Fitness to practise grounds
Elias LJ has summarized the law concerning fitness to practise as follows:
(1) Misconduct is of two principal kinds. First, it may involve sufficiently serious misconduct in the exercise of professional practice such that it can properly be described as misconduct going to fitness to practise. Second, it can involve conduct of a morally culpable or otherwise disgraceful kind which may, and often will, occur outwith the course of professional practice itself, but which brings disgrace upon the doctor and thereby prejudices the reputation of the profession.
(2) Misconduct falling within the first limb need not arise in the context of a doctor exercising his clinical practice, but it must be in the exercise of the doctor's medical calling. There is no single or simple test for defining when that condition is satisfied.
(3) Conduct can properly be described as linked to the practice of medicine, even though it involves the exercise of administrative or managerial functions, where they are part of the day to day practice of a professional doctor. These functions include the matters identified in Sadler, such as proper record-keeping, adequate patient communication, proper courtesy shown to patients and so forth. Usually a failure adequately to perform these functions will fall within the scope of deficient performance rather than misconduct, but in a sufficiently grave case, where the negligence is gross, there is no reason in principle why a misconduct charge should not be sustained.
(4) Misconduct may also fall within the scope of a medical calling where it has no direct link with clinical practice at all. Meadow provides an example, where the activity in question was acting as an expert witness. It was an unusual case in the sense that Professor Meadow's error was to fail to recognise the limit of his skill and expertise. But he failed to do so in a context where he was being asked for his professional opinion as an expert paediatrician. Other examples may be someone who is involved in medical education or research when their medical skills are directly engaged.
(5) Roylance demonstrates that the obligation to take responsibility for the care of patients does not cease simply because a doctor is exercising managerial or administrative functions one step removed from direct patient care. Depending upon the nature of the duties being exercised, a continuing obligation to focus on patient care may co-exist with a range of distinct administrative duties, even where other doctors with a different specialty have primary responsibility for the patients concerned.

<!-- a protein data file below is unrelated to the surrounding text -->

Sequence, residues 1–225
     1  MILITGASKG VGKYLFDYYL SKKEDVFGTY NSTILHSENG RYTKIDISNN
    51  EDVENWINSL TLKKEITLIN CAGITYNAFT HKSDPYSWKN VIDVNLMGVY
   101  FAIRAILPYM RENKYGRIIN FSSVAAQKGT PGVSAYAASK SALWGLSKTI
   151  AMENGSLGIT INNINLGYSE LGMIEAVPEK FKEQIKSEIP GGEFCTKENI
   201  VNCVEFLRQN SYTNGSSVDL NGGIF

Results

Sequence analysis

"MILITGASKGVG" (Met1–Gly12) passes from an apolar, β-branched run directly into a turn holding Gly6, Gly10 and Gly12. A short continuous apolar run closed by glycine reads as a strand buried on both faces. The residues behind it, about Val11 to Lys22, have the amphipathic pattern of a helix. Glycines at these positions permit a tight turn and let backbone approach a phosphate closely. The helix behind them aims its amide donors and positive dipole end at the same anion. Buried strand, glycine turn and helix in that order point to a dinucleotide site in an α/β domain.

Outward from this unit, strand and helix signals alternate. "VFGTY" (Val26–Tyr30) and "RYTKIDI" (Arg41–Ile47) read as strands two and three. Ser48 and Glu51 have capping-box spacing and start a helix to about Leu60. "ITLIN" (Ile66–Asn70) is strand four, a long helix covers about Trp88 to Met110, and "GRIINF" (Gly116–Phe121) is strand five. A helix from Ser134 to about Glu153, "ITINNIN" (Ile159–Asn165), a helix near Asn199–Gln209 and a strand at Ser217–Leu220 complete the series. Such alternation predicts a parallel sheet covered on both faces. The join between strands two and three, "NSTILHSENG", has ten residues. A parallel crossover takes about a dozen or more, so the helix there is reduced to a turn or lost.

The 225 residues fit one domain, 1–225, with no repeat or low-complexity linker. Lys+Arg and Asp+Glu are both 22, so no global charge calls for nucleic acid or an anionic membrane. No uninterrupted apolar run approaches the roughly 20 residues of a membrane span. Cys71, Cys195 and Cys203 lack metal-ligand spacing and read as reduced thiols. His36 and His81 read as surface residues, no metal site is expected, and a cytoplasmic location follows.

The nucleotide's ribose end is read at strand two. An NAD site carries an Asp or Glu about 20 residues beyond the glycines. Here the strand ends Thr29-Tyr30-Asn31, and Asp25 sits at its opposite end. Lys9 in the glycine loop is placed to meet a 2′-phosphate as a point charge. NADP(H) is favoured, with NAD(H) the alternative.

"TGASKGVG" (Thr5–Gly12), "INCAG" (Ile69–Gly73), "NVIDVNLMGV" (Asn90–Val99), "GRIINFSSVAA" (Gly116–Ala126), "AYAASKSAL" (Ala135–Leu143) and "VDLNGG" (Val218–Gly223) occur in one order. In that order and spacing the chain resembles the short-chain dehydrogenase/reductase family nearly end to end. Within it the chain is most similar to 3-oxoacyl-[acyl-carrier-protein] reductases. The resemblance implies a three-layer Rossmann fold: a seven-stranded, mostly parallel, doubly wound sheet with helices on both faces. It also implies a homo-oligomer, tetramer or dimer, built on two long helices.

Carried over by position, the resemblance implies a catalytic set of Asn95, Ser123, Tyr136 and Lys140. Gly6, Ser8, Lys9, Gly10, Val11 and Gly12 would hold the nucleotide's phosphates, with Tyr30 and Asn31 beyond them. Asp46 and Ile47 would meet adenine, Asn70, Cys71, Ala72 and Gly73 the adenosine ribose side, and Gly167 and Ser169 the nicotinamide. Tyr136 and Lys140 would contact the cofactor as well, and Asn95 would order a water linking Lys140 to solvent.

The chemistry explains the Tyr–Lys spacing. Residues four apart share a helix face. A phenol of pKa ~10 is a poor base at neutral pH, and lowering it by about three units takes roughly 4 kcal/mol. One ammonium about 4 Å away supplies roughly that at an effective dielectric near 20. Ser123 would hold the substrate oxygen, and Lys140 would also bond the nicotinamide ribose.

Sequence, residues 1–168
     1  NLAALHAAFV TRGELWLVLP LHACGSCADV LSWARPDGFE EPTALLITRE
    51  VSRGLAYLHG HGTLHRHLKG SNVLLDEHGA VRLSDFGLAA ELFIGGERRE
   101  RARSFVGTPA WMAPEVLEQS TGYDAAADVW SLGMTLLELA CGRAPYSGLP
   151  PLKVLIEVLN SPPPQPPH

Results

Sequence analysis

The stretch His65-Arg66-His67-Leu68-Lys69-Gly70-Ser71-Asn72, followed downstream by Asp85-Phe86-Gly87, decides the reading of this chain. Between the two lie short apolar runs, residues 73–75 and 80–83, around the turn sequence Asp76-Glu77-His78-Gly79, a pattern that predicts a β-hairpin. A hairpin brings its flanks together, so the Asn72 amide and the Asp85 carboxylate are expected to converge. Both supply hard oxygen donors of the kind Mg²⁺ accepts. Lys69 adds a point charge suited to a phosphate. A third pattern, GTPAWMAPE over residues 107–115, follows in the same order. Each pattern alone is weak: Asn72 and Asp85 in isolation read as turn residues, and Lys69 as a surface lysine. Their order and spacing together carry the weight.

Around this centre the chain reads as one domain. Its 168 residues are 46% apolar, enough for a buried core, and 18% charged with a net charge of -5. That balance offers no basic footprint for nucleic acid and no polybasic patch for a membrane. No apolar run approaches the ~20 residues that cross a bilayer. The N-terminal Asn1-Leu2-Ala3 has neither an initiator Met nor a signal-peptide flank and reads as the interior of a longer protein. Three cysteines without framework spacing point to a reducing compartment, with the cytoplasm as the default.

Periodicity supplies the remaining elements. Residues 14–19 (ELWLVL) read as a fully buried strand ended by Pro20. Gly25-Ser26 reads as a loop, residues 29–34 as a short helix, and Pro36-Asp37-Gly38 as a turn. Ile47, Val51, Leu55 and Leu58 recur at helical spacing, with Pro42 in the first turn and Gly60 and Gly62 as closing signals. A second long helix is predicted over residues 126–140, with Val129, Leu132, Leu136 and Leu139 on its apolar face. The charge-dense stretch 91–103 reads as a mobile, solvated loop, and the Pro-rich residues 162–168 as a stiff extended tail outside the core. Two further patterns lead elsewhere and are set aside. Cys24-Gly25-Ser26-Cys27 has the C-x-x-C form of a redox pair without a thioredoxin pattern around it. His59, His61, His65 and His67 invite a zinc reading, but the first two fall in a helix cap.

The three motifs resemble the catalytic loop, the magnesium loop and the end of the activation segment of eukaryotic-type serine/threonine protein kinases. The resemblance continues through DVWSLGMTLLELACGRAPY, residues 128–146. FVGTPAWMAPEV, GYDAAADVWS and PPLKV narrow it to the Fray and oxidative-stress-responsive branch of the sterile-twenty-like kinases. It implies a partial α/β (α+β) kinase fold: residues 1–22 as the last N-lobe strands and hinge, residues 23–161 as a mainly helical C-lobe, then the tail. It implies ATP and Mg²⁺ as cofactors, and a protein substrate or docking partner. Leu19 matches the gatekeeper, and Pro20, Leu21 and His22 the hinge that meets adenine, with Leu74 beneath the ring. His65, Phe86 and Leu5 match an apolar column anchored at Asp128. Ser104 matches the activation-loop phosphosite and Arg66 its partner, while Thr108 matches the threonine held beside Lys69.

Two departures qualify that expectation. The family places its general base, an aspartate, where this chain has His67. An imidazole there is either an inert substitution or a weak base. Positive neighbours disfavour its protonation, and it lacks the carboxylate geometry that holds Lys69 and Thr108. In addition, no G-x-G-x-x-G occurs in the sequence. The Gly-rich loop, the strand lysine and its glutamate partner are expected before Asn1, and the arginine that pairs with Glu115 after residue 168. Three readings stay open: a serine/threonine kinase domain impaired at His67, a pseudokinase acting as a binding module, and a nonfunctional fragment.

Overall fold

(6) Conduct falls into the second limb if it is dishonourable or disgraceful or attracts some kind of opprobrium; that fact may be sufficient to bring the profession of medicine into disrepute. It matters not whether such conduct is directly related to the exercise of professional skills.
(7) Deficient performance or incompetence, like misconduct falling within the first limb, may in principle arise from the inadequate performance of any function which is part of a medical calling. Which charge is appropriate depends on the gravity of the alleged incompetence. Incompetence falling short of gross negligence but which is still seriously deficient will fall under section 35C(2)(b) rather than (a).
(8) Poor judgment could not of itself constitute gross negligence or negligence of a high degree but it may in an appropriate case, and particularly if exercised over a period of time, constitute seriously deficient performance.
(9) Unlike the concept of misconduct, conduct unrelated to the profession of medicine could not amount to deficient performance putting fitness to practise in question. Even where deficient performance leads to a lack of confidence and trust in the medical profession, as it well might - not least in the eyes of those patients adversely affected by the incompetent doctor's treatment - this will not of itself suffice to justify a finding of gross misconduct. The conduct must be at least disreputable before it can fall into the second misconduct limb.
(10) Accordingly, action taken in good faith and for legitimate reasons, however inefficient or ill-judged, is not capable of constituting misconduct within the meaning of section 35C(2)(a) merely because it might damage the reputation of the profession. Were that not the position then Professor Meadow would have been guilty of misconduct on this basis alone. But that was never how the case was treated.
(Remedy UK Ltd, R (on the application of) v General Medical Council  EWHC 1245 (Admin))
5th Edition » | Chapter 18